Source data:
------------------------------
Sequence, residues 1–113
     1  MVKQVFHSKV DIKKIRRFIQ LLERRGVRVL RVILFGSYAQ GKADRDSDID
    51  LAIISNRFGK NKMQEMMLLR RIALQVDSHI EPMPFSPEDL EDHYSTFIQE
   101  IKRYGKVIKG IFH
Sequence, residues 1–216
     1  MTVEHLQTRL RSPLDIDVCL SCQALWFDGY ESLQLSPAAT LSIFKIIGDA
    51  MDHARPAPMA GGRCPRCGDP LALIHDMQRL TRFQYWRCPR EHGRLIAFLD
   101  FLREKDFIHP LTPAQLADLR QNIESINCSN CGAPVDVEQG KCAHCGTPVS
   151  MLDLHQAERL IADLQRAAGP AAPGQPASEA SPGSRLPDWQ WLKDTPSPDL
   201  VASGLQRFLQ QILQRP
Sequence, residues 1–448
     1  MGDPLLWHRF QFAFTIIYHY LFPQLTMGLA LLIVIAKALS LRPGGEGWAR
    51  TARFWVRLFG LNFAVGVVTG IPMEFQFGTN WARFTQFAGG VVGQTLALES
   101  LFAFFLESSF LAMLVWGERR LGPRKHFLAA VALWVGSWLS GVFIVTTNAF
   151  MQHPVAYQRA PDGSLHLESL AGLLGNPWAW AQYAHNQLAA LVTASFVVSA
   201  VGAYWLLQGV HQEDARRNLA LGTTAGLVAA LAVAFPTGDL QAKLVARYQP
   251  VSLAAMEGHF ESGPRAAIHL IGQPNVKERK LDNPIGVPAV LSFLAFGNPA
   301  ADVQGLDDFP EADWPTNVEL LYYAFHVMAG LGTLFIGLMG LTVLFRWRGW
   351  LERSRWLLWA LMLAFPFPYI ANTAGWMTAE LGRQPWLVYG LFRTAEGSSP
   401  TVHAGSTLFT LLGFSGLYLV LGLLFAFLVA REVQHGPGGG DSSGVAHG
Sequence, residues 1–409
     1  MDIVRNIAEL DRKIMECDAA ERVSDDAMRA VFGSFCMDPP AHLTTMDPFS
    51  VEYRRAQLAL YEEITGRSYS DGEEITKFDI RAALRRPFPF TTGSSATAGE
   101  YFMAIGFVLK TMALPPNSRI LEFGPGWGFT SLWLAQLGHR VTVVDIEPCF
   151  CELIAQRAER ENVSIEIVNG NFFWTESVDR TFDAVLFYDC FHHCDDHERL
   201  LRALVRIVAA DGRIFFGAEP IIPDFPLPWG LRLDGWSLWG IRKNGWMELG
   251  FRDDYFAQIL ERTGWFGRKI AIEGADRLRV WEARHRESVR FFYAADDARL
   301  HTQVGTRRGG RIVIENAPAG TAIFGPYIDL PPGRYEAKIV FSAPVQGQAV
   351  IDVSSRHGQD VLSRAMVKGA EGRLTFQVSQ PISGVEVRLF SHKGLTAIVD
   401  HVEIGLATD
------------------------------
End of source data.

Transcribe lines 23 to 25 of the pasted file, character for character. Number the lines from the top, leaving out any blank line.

    51  VEYRRAQLAL YEEITGRSYS DGEEITKFDI RAALRRPFPF TTGSSATAGE
   101  YFMAIGFVLK TMALPPNSRI LEFGPGWGFT SLWLAQLGHR VTVVDIEPCF
   151  CELIAQRAER ENVSIEIVNG NFFWTESVDR TFDAVLFYDC FHHCDDHERL